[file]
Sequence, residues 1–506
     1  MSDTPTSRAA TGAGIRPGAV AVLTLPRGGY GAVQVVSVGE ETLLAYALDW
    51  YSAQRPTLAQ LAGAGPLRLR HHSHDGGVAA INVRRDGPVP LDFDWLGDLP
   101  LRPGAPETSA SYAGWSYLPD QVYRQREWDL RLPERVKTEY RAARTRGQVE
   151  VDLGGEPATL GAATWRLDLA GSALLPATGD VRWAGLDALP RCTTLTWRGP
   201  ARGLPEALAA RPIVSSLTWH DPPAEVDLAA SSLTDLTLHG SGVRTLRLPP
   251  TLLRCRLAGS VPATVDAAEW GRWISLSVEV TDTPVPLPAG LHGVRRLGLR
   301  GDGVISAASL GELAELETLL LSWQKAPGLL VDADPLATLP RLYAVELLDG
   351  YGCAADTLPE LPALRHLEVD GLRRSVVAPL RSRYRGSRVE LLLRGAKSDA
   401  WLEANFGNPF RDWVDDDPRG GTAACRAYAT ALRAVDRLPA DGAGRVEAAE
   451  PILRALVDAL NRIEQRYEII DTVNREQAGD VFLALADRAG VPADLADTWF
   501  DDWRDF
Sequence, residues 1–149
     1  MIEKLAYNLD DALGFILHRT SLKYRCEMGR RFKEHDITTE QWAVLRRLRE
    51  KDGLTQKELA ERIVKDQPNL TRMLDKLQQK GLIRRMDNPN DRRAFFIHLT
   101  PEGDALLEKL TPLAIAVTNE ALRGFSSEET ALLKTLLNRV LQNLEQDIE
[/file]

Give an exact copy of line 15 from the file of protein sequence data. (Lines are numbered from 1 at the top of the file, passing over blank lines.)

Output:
    51  KDGLTQKELA ERIVKDQPNL TRMLDKLQQK GLIRRMDNPN DRRAFFIHLT